♠ Small vessels (canoes, etc) ♣ ♥
♠ Merchant ships pressed into service ♣ ♥
♠ Specialized military vessels ♣ ♥

Fortifications

♠ Settlements in a defensive position ♣ suspected unknown ♥
♠ Wooden palisades ♣ inferred absent ♥ "As with the rest of the Near East, there is little evidence for warfare in Neolithic Mesopotamia."[28]
♠ Earth ramparts ♣ inferred absent ♥ "As with the rest of the Near East, there is little evidence for warfare in Neolithic Mesopotamia."[29]
♠ Ditch ♣ inferred absent ♥ "As with the rest of the Near East, there is little evidence for warfare in Neolithic Mesopotamia."[30]
♠ Moat ♣ inferred absent ♥ "As with the rest of the Near East, there is little evidence for warfare in Neolithic Mesopotamia."[31]
♠ Stone walls (non-mortared) ♣ inferred absent ♥ "As with the rest of the Near East, there is little evidence for warfare in Neolithic Mesopotamia."[32]
♠ Stone walls (mortared) ♣ inferred absent ♥ "As with the rest of the Near East, there is little evidence for warfare in Neolithic Mesopotamia."[33]
♠ Fortified camps ♣ inferred absent ♥ "As with the rest of the Near East, there is little evidence for warfare in Neolithic Mesopotamia."[34]
♠ Complex fortifications ♣ inferred absent ♥ "As with the rest of the Near East, there is little evidence for warfare in Neolithic Mesopotamia."[35]
♠ Long walls ♣ 0 ♥ km.
♠ Modern fortifications ♣ absent ♥


Phase II Variables (polity-based)

Religion and Normative Ideology

Deification of Rulers

Normative Ideological Aspects of Equity and Prosociality

Moralizing Supernatural Powers

♠ Moral concern is primary ♣ unknown ♥
♠ Moralizing enforcement is certain ♣ unknown ♥
♠ Moralizing norms are broad ♣ unknown ♥
♠ Moralizing enforcement is targeted ♣ unknown ♥
♠ Moralizing enforcement of rulers ♣ unknown ♥
♠ Moralizing religion adopted by elites ♣ unknown ♥
♠ Moralizing religion adopted by commoners ♣ unknown ♥
♠ Moralizing enforcement in afterlife ♣ unknown ♥
♠ Moralizing enforcement in this life ♣ unknown ♥
♠ Moralizing enforcement is agentic ♣ unknown ♥

These data were reviewed by expert advisors and consultants. For a detailed description of these data, refer to the relevant Analytic Narratives, reference tables, and acknowledgements page. [36] [37] [38]

References

  1. (Selin Nugent, pers. comm. with Enrico Cioni, 2019)
  2. (Selin Nugent, pers. comm. with Enrico Cioni, 2019)
  3. (Selin Nugent, pers. comm. with Enrico Cioni, 2019)
  4. (Selin Nugent, pers. comm. with Enrico Cioni, 2019)
  5. (Selin Nugent, pers. comm. with Enrico Cioni, 2019)
  6. pers. comm., Selin Nugent 2019
  7. pers. comm., Selin Nugent 2019
  8. pers. comm., Selin Nugent 2019
  9. pers. comm., Selin Nugent 2019
  10. (Hamblin 2006: 33) Seshat URL: https://www.zotero.org/groups/1051264/seshat_databank/items/itemKey/4WM3RBTD.
  11. (Hamblin 2006: 33) Seshat URL: https://www.zotero.org/groups/1051264/seshat_databank/items/itemKey/4WM3RBTD.
  12. (Hamblin 2006: 33) Seshat URL: https://www.zotero.org/groups/1051264/seshat_databank/items/itemKey/4WM3RBTD.
  13. (McIntosh 2005: 188) Seshat URL: https://www.zotero.org/groups/1051264/seshat_databank/items/itemKey/KK2E3KMD.
  14. (Hamblin 2006: 33) Seshat URL: https://www.zotero.org/groups/1051264/seshat_databank/items/itemKey/4WM3RBTD.
  15. (Hamblin 2006: 33) Seshat URL: https://www.zotero.org/groups/1051264/seshat_databank/items/itemKey/4WM3RBTD.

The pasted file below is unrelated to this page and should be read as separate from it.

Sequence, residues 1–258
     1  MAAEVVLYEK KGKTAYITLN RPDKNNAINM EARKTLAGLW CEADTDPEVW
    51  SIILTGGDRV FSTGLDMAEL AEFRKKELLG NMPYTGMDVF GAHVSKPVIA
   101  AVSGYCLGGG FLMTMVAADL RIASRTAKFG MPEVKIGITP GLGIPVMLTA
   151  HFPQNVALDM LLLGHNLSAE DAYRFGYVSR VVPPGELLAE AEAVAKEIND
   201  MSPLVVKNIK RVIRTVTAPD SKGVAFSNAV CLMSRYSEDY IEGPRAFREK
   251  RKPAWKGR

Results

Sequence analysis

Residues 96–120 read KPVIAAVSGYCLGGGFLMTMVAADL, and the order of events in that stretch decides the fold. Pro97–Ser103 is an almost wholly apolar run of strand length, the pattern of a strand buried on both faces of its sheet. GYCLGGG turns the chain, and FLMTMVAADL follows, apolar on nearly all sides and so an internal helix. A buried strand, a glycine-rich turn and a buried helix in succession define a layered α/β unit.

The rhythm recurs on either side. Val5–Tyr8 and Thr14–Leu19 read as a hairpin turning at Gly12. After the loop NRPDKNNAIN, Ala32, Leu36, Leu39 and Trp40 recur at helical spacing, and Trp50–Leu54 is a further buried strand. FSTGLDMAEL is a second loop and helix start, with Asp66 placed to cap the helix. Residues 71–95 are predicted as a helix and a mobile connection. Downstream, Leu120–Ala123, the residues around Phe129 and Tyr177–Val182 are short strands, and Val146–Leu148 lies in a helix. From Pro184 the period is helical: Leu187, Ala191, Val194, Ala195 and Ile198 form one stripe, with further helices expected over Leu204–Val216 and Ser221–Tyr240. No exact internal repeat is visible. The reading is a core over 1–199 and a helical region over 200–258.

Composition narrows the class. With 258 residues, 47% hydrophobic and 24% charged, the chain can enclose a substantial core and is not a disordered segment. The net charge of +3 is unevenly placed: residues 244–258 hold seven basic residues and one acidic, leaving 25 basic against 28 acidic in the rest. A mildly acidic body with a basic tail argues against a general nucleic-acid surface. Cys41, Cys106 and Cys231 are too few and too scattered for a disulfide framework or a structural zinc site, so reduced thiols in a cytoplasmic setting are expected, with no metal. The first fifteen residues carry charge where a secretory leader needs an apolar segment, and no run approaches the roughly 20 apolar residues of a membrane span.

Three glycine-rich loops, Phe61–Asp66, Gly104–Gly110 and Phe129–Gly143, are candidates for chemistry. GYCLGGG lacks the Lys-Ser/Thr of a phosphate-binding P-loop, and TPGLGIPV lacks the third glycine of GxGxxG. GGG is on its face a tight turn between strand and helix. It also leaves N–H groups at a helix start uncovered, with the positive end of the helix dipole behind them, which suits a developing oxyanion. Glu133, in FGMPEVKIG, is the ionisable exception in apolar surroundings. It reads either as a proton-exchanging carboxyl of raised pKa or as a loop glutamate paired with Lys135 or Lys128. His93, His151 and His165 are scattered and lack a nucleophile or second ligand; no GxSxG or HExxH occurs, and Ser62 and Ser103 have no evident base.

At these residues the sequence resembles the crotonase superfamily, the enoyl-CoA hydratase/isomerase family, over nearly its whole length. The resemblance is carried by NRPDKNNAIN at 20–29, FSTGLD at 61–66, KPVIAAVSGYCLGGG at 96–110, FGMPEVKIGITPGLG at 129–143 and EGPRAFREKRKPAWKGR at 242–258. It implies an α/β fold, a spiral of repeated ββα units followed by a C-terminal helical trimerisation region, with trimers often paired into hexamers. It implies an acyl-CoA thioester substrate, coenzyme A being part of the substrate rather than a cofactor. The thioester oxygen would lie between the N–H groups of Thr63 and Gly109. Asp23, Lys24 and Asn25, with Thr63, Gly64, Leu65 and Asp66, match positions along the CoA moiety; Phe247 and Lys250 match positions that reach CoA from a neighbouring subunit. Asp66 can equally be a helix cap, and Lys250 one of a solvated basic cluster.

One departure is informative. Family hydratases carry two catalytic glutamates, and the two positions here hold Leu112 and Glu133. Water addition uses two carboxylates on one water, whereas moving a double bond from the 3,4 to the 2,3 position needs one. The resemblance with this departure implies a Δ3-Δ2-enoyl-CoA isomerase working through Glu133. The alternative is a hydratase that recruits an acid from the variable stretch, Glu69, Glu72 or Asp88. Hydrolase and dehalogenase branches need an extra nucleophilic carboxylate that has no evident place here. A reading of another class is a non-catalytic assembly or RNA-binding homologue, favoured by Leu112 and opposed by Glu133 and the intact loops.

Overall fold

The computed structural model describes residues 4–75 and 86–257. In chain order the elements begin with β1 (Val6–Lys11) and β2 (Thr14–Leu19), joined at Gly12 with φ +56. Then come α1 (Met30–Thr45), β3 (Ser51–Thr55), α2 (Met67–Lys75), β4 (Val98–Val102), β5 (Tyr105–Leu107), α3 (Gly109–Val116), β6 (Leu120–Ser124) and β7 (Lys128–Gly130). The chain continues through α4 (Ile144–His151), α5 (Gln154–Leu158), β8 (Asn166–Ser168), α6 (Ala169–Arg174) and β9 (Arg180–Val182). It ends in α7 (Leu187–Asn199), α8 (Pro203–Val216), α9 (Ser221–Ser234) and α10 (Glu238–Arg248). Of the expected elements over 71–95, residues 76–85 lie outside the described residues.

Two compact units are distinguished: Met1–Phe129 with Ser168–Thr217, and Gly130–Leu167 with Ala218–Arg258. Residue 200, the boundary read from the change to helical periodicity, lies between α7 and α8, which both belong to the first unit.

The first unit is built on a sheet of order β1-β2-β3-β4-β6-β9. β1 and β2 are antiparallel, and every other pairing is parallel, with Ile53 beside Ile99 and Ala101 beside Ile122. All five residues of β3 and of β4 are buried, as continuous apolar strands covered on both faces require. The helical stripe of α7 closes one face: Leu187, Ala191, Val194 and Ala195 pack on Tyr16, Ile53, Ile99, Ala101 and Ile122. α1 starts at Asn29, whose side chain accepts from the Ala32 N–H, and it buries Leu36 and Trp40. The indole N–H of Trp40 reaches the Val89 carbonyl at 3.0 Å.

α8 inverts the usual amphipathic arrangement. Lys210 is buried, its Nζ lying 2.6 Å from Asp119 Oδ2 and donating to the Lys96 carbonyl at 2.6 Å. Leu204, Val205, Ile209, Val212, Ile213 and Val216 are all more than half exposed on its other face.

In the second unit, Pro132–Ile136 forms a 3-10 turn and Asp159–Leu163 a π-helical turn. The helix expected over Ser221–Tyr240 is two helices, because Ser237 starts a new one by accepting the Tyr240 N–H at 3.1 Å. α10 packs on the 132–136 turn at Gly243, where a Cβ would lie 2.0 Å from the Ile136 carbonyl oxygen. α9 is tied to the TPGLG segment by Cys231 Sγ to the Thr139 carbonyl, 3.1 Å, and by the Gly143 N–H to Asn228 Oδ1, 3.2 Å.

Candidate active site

16. (Hamblin 2006: 33) Seshat URL: https://www.zotero.org/groups/1051264/seshat_databank/items/itemKey/4WM3RBTD.
  17. (Hamblin 2006: 33) Seshat URL: https://www.zotero.org/groups/1051264/seshat_databank/items/itemKey/4WM3RBTD.
  18. (McIntosh 2005: 190) Seshat URL: https://www.zotero.org/groups/1051264/seshat_databank/items/itemKey/KK2E3KMD.
  19. (Hamblin 2006: 33) Seshat URL: https://www.zotero.org/groups/1051264/seshat_databank/items/itemKey/4WM3RBTD.
  20. (Potts 2012) Seshat URL: https://www.zotero.org/groups/1051264/seshat_databank/items/itemKey/DWHJQHHJ.
  21. (Potts 2012) Seshat URL: https://www.zotero.org/groups/1051264/seshat_databank/items/itemKey/DWHJQHHJ.
  22. (Potts 2012) Seshat URL: https://www.zotero.org/groups/1051264/seshat_databank/items/itemKey/DWHJQHHJ.
  23. (Potts 2012) Seshat URL: https://www.zotero.org/groups/1051264/seshat_databank/items/itemKey/DWHJQHHJ.
  24. (Hamblin 2006: 33) Seshat URL: https://www.zotero.org/groups/1051264/seshat_databank/items/itemKey/4WM3RBTD.
  25. (Hamblin 2006: 33) Seshat URL: https://www.zotero.org/groups/1051264/seshat_databank/items/itemKey/4WM3RBTD.
  26. (Hamblin 2006: 33) Seshat URL: https://www.zotero.org/groups/1051264/seshat_databank/items/itemKey/4WM3RBTD.
  27. (Hamblin 2006: 33) Seshat URL: https://www.zotero.org/groups/1051264/seshat_databank/items/itemKey/4WM3RBTD.
  28. (Hamblin 2006: 33) Seshat URL: https://www.zotero.org/groups/1051264/seshat_databank/items/itemKey/4WM3RBTD.
  29. (Hamblin 2006: 33) Seshat URL: https://www.zotero.org/groups/1051264/seshat_databank/items/itemKey/4WM3RBTD.
  30. (Hamblin 2006: 33) Seshat URL: https://www.zotero.org/groups/1051264/seshat_databank/items/itemKey/4WM3RBTD.
  31. (Hamblin 2006: 33) Seshat URL: https://www.zotero.org/groups/1051264/seshat_databank/items/itemKey/4WM3RBTD.
  32. (Hamblin 2006: 33) Seshat URL: https://www.zotero.org/groups/1051264/seshat_databank/items/itemKey/4WM3RBTD.
  33. (Hamblin 2006: 33) Seshat URL: https://www.zotero.org/groups/1051264/seshat_databank/items/itemKey/4WM3RBTD.
  34. (Hamblin 2006: 33) Seshat URL: https://www.zotero.org/groups/1051264/seshat_databank/items/itemKey/4WM3RBTD.
  35. (Hamblin 2006: 33) Seshat URL: https://www.zotero.org/groups/1051264/seshat_databank/items/itemKey/4WM3RBTD.
  36. http://seshatdatabank.info/databrowser/moralizing-supernatural-punishment-acknowledgements.html
  37. http://seshatdatabank.info/databrowser/moralizing-supernatural-punishment-narratives.html
  38. http://seshatdatabank.info/databrowser/moralizing-supernatural-punishment-nga_tables.html